A Photographer’s Best Friend: The Scrim

 

A scrim was used in this shot to cut down the harshness of direct sunlight. Nikon D750 Sigma 35mm f/1.4 ART @ f/2 1/800s  ISO 180

It’s a nice sunny day and you want to get some portraits with your friends, but you just end up with harsh shadows across everyone’s face with squinting eyes from the glaring sun. What’s a photographer to do? Get a scrim!

What is a scrim?

A scrim in photography is a piece of fabric or fine wire mesh that is used to reduce the harshness and intensity of light. They are typically used by placing the scrim in between the subject and the light source. The most common scrim is the one found in a 5-in-1 reflector. They are a cheap and great way to get into light modification.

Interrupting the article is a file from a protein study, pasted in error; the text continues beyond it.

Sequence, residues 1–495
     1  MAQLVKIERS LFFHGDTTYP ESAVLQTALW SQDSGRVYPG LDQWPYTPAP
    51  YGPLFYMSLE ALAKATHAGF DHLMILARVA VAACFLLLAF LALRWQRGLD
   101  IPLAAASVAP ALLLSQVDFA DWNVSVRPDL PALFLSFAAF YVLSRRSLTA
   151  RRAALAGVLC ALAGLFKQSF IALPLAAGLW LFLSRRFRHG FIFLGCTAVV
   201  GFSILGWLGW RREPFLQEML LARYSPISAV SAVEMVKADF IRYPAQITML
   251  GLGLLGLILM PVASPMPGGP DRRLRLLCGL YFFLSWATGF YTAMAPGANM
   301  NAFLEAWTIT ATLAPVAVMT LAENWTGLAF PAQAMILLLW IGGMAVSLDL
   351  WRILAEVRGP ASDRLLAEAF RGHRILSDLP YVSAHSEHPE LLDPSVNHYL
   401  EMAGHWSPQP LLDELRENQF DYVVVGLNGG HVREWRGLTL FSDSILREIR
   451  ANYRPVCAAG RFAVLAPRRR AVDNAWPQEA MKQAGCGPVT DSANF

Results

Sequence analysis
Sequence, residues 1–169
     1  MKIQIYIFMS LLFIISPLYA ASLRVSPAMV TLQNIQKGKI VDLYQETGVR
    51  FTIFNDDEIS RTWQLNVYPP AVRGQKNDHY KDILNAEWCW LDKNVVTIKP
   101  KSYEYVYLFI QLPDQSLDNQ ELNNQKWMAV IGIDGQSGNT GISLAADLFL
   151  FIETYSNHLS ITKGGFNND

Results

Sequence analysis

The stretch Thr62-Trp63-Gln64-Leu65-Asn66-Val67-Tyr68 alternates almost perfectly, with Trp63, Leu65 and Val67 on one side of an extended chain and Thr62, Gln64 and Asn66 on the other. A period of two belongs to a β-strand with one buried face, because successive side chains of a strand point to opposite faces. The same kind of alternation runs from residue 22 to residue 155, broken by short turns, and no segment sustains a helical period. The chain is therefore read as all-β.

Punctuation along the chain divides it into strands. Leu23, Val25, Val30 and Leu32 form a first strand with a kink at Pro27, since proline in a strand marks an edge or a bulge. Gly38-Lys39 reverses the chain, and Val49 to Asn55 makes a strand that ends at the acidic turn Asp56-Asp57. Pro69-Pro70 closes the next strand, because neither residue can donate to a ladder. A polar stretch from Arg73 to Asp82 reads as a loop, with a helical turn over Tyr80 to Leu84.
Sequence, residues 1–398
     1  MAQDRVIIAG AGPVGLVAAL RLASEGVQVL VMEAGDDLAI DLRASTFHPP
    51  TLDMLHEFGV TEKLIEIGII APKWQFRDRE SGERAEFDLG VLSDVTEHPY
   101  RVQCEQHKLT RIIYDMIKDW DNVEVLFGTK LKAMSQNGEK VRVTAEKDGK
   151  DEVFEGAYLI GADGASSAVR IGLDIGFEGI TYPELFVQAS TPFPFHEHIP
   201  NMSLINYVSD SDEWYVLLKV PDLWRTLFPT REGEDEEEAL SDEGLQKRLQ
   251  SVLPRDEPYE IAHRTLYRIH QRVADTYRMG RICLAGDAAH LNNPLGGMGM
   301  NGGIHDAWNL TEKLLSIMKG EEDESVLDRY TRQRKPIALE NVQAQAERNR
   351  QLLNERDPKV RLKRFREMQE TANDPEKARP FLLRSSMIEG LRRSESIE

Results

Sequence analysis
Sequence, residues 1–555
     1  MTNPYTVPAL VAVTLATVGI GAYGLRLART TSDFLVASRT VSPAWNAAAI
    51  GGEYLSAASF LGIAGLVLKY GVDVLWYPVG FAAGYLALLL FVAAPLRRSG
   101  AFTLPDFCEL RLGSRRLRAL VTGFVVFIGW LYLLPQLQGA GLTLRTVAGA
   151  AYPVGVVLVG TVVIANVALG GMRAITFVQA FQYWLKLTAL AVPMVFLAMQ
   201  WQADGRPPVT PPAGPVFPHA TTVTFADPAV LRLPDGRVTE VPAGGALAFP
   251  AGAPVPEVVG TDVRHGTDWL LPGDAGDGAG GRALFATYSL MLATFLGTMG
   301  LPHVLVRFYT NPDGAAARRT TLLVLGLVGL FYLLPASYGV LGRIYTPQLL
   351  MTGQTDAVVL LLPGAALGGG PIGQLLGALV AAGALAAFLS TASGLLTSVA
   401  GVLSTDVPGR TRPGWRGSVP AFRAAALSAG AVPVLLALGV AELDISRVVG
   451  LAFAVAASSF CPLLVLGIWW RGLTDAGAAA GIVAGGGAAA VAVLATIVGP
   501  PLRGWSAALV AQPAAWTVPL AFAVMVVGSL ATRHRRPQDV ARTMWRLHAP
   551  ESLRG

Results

How do I use it?

This is easiest with an extra set of hands, but basically you just have to place your subject in the shadow of the scrim. You can change the softness of the light by moving the scrim closer or further from the subject.

Check out the example below with Mady and Arika. Arika is standing in direct sunlight in the first shot. Notice the harsh shadows across her face. In the second shot I’ve had Mady hold a scrim just out of frame of the camera, between Arika and the Sun.

Instead of crisp shadows, the light bends across her face gradually.

If you don’t have an extra person to hold your scrim you can always use a light stand or tripod and some spring clamps(you can find them at home depot for about a dollar).

Items used in this article

Note: The following are affiliate links that help support this website.

CowboyStudio's 40x60 inch oval 5-in-1 reflector.

Fotodiox 32 inch disc 5-in-1 reflector

Nikon D750

Sigma 35mm f/1.4 ART